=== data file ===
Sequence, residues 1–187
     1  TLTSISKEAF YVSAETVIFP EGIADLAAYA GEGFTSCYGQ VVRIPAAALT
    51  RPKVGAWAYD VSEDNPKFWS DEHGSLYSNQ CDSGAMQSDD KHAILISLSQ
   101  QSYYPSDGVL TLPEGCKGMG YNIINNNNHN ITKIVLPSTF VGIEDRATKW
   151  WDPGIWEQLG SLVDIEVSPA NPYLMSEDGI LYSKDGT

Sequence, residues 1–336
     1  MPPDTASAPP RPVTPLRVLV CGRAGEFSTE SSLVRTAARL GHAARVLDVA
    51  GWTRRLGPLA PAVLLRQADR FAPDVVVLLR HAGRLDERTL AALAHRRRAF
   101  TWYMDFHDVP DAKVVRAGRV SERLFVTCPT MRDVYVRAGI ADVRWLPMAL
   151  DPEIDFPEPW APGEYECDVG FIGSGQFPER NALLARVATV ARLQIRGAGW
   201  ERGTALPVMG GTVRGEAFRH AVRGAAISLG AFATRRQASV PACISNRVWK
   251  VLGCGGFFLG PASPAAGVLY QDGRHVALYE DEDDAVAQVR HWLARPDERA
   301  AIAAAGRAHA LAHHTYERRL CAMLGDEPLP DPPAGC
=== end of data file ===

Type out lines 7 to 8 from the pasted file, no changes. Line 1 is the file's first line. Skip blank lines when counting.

     1  MPPDTASAPP RPVTPLRVLV CGRAGEFSTE SSLVRTAARL GHAARVLDVA
    51  GWTRRLGPLA PAVLLRQADR FAPDVVVLLR HAGRLDERTL AALAHRRRAF